Statue of Marquis de Lafayette
Backstory and Context
Lafayette’s first real taste of colonial combat came in 1777 during the Battle of Brandywine. This was certainly not his most successful battle since he was shot in the leg upon trying to organize a retreat. However, General George Washington urged doctors to take special care of Lafayette during his recovery, which began a special bond between the two Generals. Once recovered, Lafayette was eventually given command over Virginia Troops. Lafayette then fought in the Battle of Monmouth in 1778 after spending the winter with General George Washington in Valley Forge. He then returned to France and returned in 1779 with word that the French would be sending troops to America to help.
Lafayette’s shining moment with the Continental Army came in the Battle of Yorktown in 1781, where he commanded a third of the army. Here he “helped keep British Lieutenant-General Lord Cornwallis' army pinned at Yorktown, Virginia, while divisions led by Washington and France's Comte de Rochambeau surrounded the British and forced surrender in the last major battle of the Revolutionary War” (Marie Joseph Paul Yves Roche Gilbert du Motier, Marquis de Lafayette).
In 1789, Lafayette had a leading role in the French Revolution. He also became a member of the National Assembly and contributed to the creation of the Declaration of the Rights of Man, which was based upon the Virginia Declaration of Rights. The Declaration of the Rights of Man served as a source for the American Declaration of Independence. He went on to command the French National Guard and join the Feuillants, a political party that advocated for a constitutional monarchy.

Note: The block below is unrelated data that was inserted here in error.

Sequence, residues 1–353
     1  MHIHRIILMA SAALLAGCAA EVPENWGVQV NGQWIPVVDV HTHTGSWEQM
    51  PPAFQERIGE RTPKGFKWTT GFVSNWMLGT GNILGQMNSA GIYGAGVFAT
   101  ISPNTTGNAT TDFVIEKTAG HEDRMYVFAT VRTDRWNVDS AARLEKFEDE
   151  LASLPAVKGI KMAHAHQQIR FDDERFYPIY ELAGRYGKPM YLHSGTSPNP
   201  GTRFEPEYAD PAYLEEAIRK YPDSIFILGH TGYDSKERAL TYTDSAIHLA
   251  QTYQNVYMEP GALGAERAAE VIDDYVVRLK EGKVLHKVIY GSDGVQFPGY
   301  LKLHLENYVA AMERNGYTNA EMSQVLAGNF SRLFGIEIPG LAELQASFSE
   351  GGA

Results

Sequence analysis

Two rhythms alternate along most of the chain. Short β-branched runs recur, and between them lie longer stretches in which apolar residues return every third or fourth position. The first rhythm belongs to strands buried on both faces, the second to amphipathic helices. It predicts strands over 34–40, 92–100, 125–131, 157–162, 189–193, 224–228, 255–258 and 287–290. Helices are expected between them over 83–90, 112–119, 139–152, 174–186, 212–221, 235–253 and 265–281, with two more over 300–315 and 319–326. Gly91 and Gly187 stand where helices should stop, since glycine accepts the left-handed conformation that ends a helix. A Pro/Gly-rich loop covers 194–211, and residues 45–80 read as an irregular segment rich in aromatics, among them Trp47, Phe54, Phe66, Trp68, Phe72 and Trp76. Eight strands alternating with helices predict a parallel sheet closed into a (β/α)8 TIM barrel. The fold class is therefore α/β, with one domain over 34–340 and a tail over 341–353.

Lafayette gained leadership of the French division in 1792 in the war with Austria. The radical Jacobins in his unit made him flee to Flanders where he was imprisoned by the Austrian government for five years. After he returned to France, he avoided Napoleon Bonaparte politics. However, after Napoleon's defeat in Waterloo, Lafayette restarted his political career and became a member of the Chamber of Deputies in 1815 and again from 1818 to 1824.
The statue's origins come from a countrywide tour he embarked on from July 1824 to September 1825, the last surviving French general of the Revolutionary War, the Marquis de Lafayette, made a tour of the 24 states in the United States. At many stops on this tour, he was received by the populace with a hero's welcome, and many honors and monuments were presented to commemorate and memorialize the Marquis de Lafayette's visit. The town of Fayetteville, West Virginia was named after the Marquis de Lafayette, and Lafayette's statue looks upon the town from the Fayette County Courthouse lawn.
"Marie Joseph Paul Yves Roche Gilbert du Motier, Marquis de Lafayette." Bio. A&E Television Networks, 2014. Web. 21 May 2014. . "The Marquis de Lafayette." ushistory.org. Independence Hall Association, n.d. Web. 21 May 2014. . "Marquis de Lafayette Marker." Marquis de Lafayette Marker. N.p., n.d. Web. 21 May 2014. .
Klein, Christopher. "10 Things You May Not Know About the Marquis de Lafayette." History.com. A&E Television Networks, 20 Oct. 2015. Web. 02 May 2017. <http://www.history.com/news/10-things-you-may-not-know-about-the-marquis-de-lafayette>.
Marquis de Lafayette, NYC Parks. Accessed October 19th 2019. https://www.nycgovparks.org/parks/union-square-park/monuments/884.
Sculptures , Sculptor Joel Randall . Accessed October 19th 2019. https://www.sculptorjoelrandell.com/sculptures.html.
History, Visit Fayetteville, West Virginia. Accessed October 19th 2019. https://visitfayettevillewv.com/history/.